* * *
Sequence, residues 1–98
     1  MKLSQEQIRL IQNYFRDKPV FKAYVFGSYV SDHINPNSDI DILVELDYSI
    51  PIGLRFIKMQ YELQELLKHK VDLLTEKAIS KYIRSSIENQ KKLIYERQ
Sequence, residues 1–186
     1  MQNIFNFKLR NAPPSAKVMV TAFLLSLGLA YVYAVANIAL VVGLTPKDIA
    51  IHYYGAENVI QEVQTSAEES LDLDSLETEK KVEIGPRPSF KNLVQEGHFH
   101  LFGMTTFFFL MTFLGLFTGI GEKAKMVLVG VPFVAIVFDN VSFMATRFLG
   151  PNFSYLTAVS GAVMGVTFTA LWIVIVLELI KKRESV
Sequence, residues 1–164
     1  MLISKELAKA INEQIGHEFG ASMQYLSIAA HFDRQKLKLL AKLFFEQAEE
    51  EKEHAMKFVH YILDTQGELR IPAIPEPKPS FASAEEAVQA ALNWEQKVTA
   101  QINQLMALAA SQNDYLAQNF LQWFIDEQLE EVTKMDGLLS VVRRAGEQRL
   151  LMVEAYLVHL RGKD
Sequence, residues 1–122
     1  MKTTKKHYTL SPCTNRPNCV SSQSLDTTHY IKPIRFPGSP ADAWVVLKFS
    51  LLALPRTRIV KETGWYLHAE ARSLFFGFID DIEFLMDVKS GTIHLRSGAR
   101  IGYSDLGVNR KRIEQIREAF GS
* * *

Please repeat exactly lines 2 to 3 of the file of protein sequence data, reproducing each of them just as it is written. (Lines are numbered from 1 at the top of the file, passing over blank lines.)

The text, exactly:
     1  MKLSQEQIRL IQNYFRDKPV FKAYVFGSYV SDHINPNSDI DILVELDYSI
    51  PIGLRFIKMQ YELQELLKHK VDLLTEKAIS KYIRSSIENQ KKLIYERQ